If you get into more serious image manipulation; whether that is removing some distracting blemishes on a person's face or adding an additional bear cub or pyramid. Again, there is nothing wrong with any of these techniques and I use them all the time. In fact, I'm pretty sure that there are no images in fashion oriented magazines or advertising materials that have not been heavily edited. Where things start to cross the line is where there is misrepresentation of the facts in order to influence people's behaviour; i.e. buy our product and you can look like the model in the ad.
Where that line is drawn is really what is generally up for debate. I understand that this is not new at all; in the days before cameras, portrait painters would "embellish" their subjects to look better than they did in real life.
I, once upon a time, merely took pictures...click click click...got the whole exposure, SS, f/stop things down to the comfort level.
Then I discovered Photoshop which opened a whole new world...I could now create images that existed solely in my mind.
Got a shoot with a dozen people, betcha can't get them all to smile and look at the camera at the same time.
Using Photoshop you can blast off a couple dozen images and choose the best micro expressions and combine into one.
IMHO...that SOOTC stuff is pure malarkey.
Cropping the frame is just part of photography and always has been. Some newspaper or magazine editor once thought they could elevate the status of themselves by implying the purity of their photos and that seemed to stick even to this day. (remember, these are journalists and the move was probably a reaction to some fraudulent incident) Keep in mind that was from an age when photography was not for the masses and the world was presenting people with things that were previously hard to imagine. As news-people do, some trying to outdo the competition even showed they went so far as to file down the sides of the enlarger negative carriers. This produced an outline around the photograph which for awhile was also another standard proof of realism. That process hung around for awhile but didn't really catch on because of camera and lens limitation of the day. Many times the zooming was performed in the enlarger. Another basic processes of enlarger printing is exposure so who is to say one photographic printing aspect is more pure than another. As others have pointed out, basic photographic process to produce an acceptable image was/is not the problem. The thoughtful manipulation to deceive is a problem. Today's "rules" are for the most part like the rest of the rules for photography and are more like guidelines. With the way our mass news sources conduct themselves these days I suspect their guidelines have more to do with protecting the newspaper or media outlet than protecting the photographer or purity of the shot.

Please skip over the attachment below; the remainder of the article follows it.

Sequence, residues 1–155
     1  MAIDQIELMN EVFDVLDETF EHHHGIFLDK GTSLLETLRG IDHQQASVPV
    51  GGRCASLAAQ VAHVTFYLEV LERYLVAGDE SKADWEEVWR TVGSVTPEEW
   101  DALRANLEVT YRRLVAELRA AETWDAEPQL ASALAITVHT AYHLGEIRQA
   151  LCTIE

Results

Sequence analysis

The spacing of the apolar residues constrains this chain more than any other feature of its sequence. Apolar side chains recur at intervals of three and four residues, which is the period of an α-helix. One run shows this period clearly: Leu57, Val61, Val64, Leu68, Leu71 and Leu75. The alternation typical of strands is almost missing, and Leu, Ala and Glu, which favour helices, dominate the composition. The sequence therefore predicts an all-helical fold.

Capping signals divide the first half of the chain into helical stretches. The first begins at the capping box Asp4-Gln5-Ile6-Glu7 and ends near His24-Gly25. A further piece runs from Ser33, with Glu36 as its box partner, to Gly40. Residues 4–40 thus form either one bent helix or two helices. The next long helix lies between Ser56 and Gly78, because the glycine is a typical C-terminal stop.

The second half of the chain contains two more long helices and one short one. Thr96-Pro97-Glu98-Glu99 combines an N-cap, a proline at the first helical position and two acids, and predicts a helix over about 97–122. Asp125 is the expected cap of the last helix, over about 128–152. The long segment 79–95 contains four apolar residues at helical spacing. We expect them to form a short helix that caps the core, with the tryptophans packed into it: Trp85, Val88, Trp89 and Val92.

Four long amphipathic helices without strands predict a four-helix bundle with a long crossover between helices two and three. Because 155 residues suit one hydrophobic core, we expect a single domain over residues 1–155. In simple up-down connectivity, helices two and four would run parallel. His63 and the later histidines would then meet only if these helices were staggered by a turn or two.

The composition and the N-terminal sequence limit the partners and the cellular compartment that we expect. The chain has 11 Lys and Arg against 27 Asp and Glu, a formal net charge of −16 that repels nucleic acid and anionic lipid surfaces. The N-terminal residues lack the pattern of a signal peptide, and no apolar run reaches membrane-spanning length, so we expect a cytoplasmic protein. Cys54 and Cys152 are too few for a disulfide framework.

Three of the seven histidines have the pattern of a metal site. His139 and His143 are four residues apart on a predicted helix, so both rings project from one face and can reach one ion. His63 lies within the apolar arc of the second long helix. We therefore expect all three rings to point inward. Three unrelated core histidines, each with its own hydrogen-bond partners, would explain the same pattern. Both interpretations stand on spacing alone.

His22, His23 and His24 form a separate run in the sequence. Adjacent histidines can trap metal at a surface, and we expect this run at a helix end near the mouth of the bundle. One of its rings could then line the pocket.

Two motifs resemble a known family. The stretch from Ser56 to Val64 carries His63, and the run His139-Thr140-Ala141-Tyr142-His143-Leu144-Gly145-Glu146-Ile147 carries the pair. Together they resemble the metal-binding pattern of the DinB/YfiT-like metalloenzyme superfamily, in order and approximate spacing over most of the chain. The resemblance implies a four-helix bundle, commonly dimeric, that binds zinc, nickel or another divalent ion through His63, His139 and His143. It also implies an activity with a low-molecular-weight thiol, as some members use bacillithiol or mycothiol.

I struggle to understand what people really mean when they start talking about "honesty" in pictures.
Sure, I can understand the need for accurate news images but half of the ones I see in papers are monochrome so what's "honest" about that?
We crop most of the view from our pictures just by pointing the camera this way rather than that, is that dishonest?
I usually use this picture as an example, taken in Cumbria on a blustery Winter day as the wind swept clouds flashed light all over the landscape.
To my left was a noisy rookery and the birds were larking across the sky as if for the pure fun of it.
The shot is composited from about a dozen frames taken on a tripod. All the elements of this shot were taken where they appear in the frame that you see, but not all at the same instant.
In my opinion this is a very honest portrayal of the place and the conditions but many would say it is not.
If I had taken two different exposures and blended them to capture the extreme dynamic range, many of those same people would have no problem, even though the clouds would have moved and "ghosting" artefacts would be produced.
If I had taken three frames and composited them as a panorama instead of cropping the frame as I have, most people would still have no problem, even thought the process would have captured three separate spans of time.
But because I have chosen the moments that I wished to capture and taken careful control of those moments to portray the time and place that I found myself in, just like a painter who chooses what to include and what to leave out, then does that make me dishonest?